Friday, January 06, 2006

The Four Thrones at Cair Paravel

On Sovereignty and Free Will

Did you notice that at the outset of The Lion, the Witch, and the Wardrobe that we are told by Beaver that there are four thrones waiting for two sons of Adam and two daughters of Eve? Not three thrones. I do sort of speculate strangely sometimes but I can’t help but wonder what if Aslan had prophesied of three thrones instead of four? Think of the advantages. He could have avoided the whole bloody mess in one swoop. Let the Witch have the sniveling Edmund. He certainly wasn’t worth anything anyway.
    Analogies help us understand deep things in the Bible that are difficult to grasp. I want to look at the analogy of Aslan and Edmund. It is not entirely clear where the prophecy of the four thrones comes from but it certainly must have originated from Aslan. Let us assume so for the sake of this discussion. Aslan, in a sovereign act, says there are going to be four thrones. He knew beforehand that one would betray him in an act of free will. Edmund chose to follow the White Witch, knowing full well in his innermost being that the Witch was evil.
Was sovereignty compromised? No! Was free will abrogated? No! The prophecy was fulfilled exactly as told. But as Aslan says: It may be harder than you know. Edmund did his very worst, and it worked exactly into the predestined plan of Aslan.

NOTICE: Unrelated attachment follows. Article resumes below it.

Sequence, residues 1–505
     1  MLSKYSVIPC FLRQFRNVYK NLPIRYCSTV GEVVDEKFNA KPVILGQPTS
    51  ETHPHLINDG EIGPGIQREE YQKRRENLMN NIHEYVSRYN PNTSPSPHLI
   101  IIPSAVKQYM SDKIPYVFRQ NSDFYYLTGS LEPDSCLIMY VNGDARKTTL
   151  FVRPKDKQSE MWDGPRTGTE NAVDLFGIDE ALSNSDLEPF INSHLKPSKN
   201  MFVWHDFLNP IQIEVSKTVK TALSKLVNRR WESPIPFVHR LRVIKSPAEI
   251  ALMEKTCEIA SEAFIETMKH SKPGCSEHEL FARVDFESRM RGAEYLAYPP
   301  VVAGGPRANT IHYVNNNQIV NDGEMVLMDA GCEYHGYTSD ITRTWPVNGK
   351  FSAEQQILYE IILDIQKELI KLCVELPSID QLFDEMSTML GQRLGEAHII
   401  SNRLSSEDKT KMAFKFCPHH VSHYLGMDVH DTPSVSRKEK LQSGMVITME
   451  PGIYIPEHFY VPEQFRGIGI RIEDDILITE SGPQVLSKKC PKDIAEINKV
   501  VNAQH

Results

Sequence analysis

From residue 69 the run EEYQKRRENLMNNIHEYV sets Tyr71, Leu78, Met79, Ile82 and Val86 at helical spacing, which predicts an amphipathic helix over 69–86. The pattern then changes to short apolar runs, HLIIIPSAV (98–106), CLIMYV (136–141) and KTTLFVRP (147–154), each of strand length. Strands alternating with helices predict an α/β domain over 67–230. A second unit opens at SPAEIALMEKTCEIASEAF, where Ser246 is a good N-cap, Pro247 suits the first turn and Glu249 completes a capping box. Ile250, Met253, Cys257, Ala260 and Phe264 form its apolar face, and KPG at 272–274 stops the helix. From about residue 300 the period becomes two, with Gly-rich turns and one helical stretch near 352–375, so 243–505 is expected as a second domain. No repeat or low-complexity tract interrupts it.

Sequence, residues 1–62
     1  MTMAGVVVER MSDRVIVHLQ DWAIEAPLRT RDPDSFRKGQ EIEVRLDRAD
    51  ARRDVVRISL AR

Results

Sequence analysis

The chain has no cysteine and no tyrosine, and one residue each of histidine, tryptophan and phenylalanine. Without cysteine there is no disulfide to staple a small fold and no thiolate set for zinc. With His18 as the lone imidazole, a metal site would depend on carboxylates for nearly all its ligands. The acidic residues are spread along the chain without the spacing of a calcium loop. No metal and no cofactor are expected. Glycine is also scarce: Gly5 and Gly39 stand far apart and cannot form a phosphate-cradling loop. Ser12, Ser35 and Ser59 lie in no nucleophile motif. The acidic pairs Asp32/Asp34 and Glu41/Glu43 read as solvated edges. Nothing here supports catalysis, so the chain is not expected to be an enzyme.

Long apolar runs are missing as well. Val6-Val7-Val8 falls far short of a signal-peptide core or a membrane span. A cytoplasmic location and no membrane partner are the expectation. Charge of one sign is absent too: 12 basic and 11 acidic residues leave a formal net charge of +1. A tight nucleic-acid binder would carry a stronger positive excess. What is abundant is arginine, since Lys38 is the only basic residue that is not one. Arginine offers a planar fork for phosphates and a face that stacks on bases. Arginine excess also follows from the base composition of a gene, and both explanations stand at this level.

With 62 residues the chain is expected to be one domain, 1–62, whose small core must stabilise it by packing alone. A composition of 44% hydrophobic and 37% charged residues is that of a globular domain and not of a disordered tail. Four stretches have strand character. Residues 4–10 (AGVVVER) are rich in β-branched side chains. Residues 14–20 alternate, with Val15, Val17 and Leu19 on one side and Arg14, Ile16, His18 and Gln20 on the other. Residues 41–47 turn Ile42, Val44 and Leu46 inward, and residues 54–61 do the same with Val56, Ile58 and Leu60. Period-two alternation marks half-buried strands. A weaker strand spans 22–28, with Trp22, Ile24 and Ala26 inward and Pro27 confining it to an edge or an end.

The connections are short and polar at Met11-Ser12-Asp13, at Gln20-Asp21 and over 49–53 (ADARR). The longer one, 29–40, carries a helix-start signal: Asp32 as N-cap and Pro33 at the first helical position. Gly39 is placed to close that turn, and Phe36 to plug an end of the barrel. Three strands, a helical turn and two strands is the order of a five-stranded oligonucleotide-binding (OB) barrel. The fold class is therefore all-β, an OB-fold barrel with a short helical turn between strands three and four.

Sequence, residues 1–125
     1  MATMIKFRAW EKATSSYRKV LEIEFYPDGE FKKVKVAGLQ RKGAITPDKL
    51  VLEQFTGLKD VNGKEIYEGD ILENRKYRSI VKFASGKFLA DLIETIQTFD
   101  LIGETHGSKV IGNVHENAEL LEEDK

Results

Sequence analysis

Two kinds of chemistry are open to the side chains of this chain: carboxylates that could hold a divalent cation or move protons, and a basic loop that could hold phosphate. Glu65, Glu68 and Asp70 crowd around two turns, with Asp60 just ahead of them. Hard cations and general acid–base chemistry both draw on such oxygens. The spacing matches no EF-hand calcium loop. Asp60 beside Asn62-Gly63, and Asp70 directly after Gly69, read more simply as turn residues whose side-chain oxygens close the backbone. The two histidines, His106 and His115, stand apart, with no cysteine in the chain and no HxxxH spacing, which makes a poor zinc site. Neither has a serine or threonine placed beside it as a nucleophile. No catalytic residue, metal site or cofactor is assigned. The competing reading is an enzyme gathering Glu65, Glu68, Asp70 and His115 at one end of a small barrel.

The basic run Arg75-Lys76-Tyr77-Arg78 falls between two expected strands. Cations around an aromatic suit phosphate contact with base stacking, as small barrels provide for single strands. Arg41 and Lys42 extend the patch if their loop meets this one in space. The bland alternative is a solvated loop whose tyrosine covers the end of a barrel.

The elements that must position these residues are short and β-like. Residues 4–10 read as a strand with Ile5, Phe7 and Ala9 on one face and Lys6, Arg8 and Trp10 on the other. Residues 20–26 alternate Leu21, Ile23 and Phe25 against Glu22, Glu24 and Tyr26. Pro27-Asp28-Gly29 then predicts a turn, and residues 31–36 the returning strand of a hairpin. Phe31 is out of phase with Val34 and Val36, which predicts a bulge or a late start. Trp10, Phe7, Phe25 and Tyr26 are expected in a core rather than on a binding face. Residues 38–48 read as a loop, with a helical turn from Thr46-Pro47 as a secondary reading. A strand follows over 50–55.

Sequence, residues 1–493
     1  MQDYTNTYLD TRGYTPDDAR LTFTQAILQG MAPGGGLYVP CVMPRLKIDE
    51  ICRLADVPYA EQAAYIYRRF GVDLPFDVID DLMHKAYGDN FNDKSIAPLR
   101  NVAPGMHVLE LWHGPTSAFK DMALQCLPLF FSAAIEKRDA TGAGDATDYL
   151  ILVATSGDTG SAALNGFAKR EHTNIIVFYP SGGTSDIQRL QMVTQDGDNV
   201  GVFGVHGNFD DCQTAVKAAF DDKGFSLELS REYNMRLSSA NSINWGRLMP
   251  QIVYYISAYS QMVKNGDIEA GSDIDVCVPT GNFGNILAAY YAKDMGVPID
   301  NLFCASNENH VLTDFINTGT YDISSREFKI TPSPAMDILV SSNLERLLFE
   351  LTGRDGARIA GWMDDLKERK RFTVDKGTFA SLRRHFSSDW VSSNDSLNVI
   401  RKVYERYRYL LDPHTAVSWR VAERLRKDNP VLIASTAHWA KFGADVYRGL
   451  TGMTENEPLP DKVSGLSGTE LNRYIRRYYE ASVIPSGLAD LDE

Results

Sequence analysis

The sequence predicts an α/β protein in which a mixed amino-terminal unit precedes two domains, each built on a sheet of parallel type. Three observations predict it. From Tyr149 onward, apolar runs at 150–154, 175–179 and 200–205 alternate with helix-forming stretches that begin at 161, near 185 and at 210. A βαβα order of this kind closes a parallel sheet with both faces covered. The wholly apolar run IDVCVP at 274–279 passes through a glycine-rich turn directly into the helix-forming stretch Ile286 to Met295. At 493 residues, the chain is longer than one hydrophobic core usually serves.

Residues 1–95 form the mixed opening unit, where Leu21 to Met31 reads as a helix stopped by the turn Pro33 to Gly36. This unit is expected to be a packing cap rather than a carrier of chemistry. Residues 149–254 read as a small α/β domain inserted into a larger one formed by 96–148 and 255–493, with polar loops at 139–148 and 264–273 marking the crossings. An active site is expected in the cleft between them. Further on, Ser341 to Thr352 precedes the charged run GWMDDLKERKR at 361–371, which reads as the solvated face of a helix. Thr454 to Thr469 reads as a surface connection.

If I may be allowed to do something that Lewis correctly points out is wrong, let me suppose that Edmund had done everything as correctly as he possibly could. Here I am asking the “What if” question that Aslan reminds us constantly is not allowed. But I ask nonetheless: what if Edmund did everything exactly right? Would the sovereignty of Aslan nevertheless prevailed?
    My analogy thus gives us the widest spectrum of free choice. But whether Edmund says no or yes, there prevails the sovereignty of Aslan. Could not the free will of man and the sovereignty of God work in harmony in a similar fashion? To borrow from my Lewis again, Nothing is more probable.
    A final thought, if I may. I am probably more of a sniveling Edmund than Edmund ever was. What was I worth? Somehow God thought me worth the great price of his own son. Thankfully he did not eliminate my throne at Cair Paravel!


Danielle said...

Could Aslan's have been sovereign if Edmund did not reject him and turn to the witch? I believe that you are saying yes, but I don't think so.

From The Lion, Aslan speaking to the girls just after he's risen: "'It means,' said Aslan, 'that thought the Witch knew the Deep Magic, there is a magic deeper still which she did not know. Her knowledge goes back only to the dawn of Time. But if she could have looked a little further back, into the stillness and the darkness before Time dawned, she would have read there a different incantation. Sheno treachery was killed in a trator's stead, the Table would crack and Death itself would start working backwards. And now--"
What follows is one of my favorite Narnian scene (but, okay, I love them all): Aslan and the girls run and laugh in a wild, ecstatic, perfect romp.